The incident remained out of public view, and with it knowledge that mustard shells remained on Al Muthanna — long after two wars and an international demilitarization effort to remove them.

PART 7

The Shells Beside the Lake

The military’s handling of mustard exposure cases — combining reflexive secrecy, substandard medical care and an inconsistent awards system — reached a low point after Sergeant Duling’s team was exposed on Aug. 16, 2008.

The exposures followed the discovery of a seemingly small batch of artillery shells by Bushmaster Company, First Battalion, 14th Regiment, a mechanized Army infantry unit searching an area from which American forces had taken fire.

Sergeant Duling, of the 710th E.O.D. Company, arrived and relieved another disposal team. The first team leader was in a chemical protection suit.

“He was shot,” Sergeant Duling recalled. “It was like 115 degrees. He was throwing up in his mask.”

“I said, ‘Roy, we can take it from here.’ ”

Sergeant Duling and his team put on protective suits, approached the crater from upwind and found a pile of rusty 155-millimeter shells. They tested negative for chemical agents.

Relieved, the techs removed their chemical suits and detonated the pile from afar. The blast unearthed still more munitions.

Soldiers from Bushmaster Company formed a human chain to stack shells for another blast, said one participant, Philip Dukett, a former sergeant. “I would pick one up,” he said, “put it on my thigh, and pass it on.”

In the blast crater, Specialist Goldman noticed one of the shells was leaking; soon it tested positive for sulfur mustard. He swore.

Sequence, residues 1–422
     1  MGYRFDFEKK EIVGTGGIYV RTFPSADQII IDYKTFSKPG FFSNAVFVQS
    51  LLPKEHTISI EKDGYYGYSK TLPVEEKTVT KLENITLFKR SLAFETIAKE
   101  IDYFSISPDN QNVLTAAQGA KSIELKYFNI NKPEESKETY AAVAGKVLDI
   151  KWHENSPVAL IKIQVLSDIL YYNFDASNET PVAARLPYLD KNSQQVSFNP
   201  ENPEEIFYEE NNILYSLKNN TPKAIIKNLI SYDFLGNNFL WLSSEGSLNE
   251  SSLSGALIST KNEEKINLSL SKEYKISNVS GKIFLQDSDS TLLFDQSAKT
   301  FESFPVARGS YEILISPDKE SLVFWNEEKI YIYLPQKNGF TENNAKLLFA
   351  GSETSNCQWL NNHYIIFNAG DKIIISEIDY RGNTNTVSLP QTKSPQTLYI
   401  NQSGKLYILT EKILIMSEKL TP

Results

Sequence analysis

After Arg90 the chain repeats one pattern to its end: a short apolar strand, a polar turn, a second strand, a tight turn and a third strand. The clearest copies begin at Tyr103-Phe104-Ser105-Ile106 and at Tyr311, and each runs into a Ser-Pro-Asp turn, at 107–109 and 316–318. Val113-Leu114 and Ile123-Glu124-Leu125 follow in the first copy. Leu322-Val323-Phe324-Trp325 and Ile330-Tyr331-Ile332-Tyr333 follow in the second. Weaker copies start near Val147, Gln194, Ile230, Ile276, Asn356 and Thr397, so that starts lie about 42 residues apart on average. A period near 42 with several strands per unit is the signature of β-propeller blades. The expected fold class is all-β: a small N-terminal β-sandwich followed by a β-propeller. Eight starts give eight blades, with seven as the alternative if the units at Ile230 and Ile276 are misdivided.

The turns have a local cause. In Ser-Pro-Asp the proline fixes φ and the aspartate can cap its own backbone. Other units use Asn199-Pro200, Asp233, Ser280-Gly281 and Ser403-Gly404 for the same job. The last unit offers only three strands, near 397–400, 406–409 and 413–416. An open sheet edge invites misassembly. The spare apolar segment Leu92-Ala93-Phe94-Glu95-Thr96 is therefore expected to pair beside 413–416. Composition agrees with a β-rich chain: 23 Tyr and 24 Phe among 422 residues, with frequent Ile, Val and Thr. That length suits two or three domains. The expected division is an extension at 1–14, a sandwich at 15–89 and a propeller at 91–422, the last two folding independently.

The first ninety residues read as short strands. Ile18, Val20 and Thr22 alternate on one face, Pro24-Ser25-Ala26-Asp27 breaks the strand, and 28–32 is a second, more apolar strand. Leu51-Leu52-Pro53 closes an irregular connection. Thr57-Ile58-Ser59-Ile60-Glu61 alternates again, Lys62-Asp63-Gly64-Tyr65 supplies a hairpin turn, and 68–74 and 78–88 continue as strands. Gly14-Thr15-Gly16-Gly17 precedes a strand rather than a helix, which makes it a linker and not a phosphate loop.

Sergeant Duling ordered everyone to decontaminate with bleach, but the team was not fully prepared. “Then I was out of bleach, so I just used baby wipes and hand sanitizer and whatever else I could find to clean myself up,” he said.

The chemical specialists did not arrive until after midnight.

Shortly after dawn on Aug. 17 the disposal techs and the chemical specialists detonated the pile, including many M110 mustard shells. An orange blast shook the desert.

Weary soldiers laughed as the breeze caught the blast’s gray-brown plume. They had been told the explosion’s heat would destroy the agent. “Ahhh!” one shouted, mockingly. “It’s mustard gas!”

When the cloud reached them, they coughed. “Everything smelled really funky,” Mr. Taylor said recently. “The smoke really irritated our eyes and kind of burned more than smoke from a usual controlled det.”

The blast had uncovered still more shells.

Sergeant Duling and his soldiers were spent, and had a more pressing priority — finding medical care.